Orem • Bingham’s powerful offense had gone more than nine innings Friday without scoring against Riverton. Noah Wallick radically altered that picture with one swing.

The Miners’ 22nd baseball state championship over an 85-year period will be remembered mostly for Derek Soffe’s pitching shutout and Wallick’s wallop — a three-run homer that launched Bingham toward a 9-0 victory over Riverton at Utah Valley University.

Riverton had forced a true championship game in the double-elimination tournament with a 7-0 win earlier Friday.

Bingham responded well to what longtime coach Joey Sato labeled an “uncharacteristic” showing in the first game. That’s fair to say, considering the Miners totaled 58 runs in their other five tournament games.

Riverton’s Kody Nelson gave up two hits and struck out nine in 5 1/3 innings, then Zack Peterson got the last five outs in Game 1. Parker Applegate’s two-run single in the third inning was among several big hits for the Silverwolves, who played their way through the one-loss bracket and managed to extend the Utah High School Activities Association’s 2017-18 calendar for a few more hours.

The Miners knew they had earned the ability to absorb a loss Friday and still go home with a gold trophy. “That’s why we won the winners’ bracket,” Soffe said. “That put the pressure on them.”

Sato’s between-games message? This would be one last chance to play together, so “celebrate that,” he said, “and let’s have fun.”

The strategy worked. If the Miners were at all deflated after being blanked by Nelson and Peterson for 9 1/3 innings, they came to life after Wallick’s blast. The Silverwolves were not the same team after that moment in the third inning.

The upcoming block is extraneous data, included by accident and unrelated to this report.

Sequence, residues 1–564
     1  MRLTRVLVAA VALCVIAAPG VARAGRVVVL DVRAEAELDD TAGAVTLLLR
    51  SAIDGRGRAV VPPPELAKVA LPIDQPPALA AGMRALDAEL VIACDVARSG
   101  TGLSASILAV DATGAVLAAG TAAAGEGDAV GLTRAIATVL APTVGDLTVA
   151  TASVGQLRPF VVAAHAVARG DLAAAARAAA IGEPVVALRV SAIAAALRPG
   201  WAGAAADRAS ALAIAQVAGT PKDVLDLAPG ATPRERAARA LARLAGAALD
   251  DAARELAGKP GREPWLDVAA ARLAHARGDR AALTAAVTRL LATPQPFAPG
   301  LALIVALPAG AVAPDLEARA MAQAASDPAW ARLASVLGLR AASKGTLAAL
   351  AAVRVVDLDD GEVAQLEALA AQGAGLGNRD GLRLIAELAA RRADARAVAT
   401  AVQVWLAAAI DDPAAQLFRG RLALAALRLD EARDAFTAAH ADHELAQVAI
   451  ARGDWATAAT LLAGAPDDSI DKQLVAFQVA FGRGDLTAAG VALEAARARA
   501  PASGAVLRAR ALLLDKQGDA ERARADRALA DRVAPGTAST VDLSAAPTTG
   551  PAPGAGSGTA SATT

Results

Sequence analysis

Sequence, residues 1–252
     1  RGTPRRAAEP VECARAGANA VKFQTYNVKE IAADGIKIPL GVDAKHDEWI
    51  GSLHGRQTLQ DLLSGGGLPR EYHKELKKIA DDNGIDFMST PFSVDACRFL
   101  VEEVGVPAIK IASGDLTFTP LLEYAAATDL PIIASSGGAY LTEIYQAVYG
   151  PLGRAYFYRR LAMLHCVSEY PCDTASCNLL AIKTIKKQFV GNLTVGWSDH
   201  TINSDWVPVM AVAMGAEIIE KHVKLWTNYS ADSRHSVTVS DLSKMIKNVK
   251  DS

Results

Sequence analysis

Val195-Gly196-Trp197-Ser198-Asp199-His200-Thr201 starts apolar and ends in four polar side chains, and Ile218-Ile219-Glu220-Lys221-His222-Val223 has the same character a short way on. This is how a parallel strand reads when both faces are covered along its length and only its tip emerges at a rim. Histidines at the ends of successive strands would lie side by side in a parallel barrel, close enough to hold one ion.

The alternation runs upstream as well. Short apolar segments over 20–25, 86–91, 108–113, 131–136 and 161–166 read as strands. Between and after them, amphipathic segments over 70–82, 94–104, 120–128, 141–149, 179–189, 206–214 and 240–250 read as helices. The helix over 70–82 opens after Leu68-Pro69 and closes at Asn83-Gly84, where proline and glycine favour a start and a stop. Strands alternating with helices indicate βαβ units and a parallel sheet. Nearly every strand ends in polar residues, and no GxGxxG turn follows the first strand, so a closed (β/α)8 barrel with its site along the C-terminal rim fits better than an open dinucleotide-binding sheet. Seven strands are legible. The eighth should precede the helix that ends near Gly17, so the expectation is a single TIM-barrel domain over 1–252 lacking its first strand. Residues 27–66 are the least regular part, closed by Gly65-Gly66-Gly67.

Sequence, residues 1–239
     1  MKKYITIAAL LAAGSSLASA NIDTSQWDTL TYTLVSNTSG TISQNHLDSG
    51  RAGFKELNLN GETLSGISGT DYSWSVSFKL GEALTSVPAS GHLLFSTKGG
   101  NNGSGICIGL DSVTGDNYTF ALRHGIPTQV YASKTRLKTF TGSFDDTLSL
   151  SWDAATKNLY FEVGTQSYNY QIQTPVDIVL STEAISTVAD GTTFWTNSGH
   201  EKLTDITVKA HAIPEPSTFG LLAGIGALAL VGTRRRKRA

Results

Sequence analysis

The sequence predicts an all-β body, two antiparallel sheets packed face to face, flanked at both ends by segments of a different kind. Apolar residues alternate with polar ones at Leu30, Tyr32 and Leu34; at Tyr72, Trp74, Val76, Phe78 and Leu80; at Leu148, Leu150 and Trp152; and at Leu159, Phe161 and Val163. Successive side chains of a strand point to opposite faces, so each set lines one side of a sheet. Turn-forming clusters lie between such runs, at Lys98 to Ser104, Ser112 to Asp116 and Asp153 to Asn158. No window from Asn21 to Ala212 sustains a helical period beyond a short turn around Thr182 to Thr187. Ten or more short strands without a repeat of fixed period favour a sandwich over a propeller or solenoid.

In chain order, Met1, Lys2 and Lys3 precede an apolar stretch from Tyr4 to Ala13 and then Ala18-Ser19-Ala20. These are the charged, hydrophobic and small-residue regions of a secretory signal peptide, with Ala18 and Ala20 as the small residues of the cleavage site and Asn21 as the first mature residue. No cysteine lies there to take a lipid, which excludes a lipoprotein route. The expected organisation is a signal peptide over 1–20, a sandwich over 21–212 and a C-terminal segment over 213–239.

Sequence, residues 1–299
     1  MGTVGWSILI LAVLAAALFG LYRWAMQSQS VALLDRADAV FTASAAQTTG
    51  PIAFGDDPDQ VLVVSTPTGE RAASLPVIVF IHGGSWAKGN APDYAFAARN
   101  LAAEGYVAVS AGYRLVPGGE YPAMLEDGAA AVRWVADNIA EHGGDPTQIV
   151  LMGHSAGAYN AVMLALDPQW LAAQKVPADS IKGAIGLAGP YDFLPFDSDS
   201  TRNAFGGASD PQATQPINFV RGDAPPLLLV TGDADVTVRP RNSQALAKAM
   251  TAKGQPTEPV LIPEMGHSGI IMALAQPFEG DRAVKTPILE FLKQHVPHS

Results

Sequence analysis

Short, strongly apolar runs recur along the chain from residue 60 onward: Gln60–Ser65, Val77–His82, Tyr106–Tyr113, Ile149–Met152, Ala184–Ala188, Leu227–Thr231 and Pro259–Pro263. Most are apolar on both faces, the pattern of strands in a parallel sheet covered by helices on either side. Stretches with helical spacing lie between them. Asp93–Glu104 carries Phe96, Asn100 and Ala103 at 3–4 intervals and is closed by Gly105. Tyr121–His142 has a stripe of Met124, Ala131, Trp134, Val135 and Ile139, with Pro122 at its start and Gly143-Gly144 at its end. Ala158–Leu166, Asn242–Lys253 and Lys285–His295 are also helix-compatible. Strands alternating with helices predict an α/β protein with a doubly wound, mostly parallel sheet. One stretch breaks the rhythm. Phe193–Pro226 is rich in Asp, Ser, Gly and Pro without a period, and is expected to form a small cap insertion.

Peterson started the deciding game and was in command, until Wallick got a pitch over the middle of the plate and knocked it deep onto the left-field berm. “I’ve never hit a ball that hard in my life,” he said.

And the Silverwolves hit few balls sharply against Soffe all evening. The senior left-hander allowed five hits and one walk, while striking out nine in a seven-inning complete game. His strikeouts accounted for eight of the Riverton’s last 13 outs, including the final three.

“That is what you think about when you try out as a freshman,” Soffe said. “You want to be that guy, that day.”

Friday became another episode in Bingham’s storied tradition in the southwestern Salt Lake Valley, with the latest championship coming against one of the multiple schools that have been created in Bingham’s original territory in recent decades. Riverton opened in 1999; this was the Silverwolves’ first appearance in the baseball finals.

Sato’s first of five championships came in ’99. He’ll never catch the legendary Bailey Santistevan, who won 11 titles as the Miners’ coach, but Sato has done more than his part to maintain the Bingham baseball legacy.

The same is true of the Miners’ seniors, who produced their first championship. As Soffe said, “The tradition here is crazy.”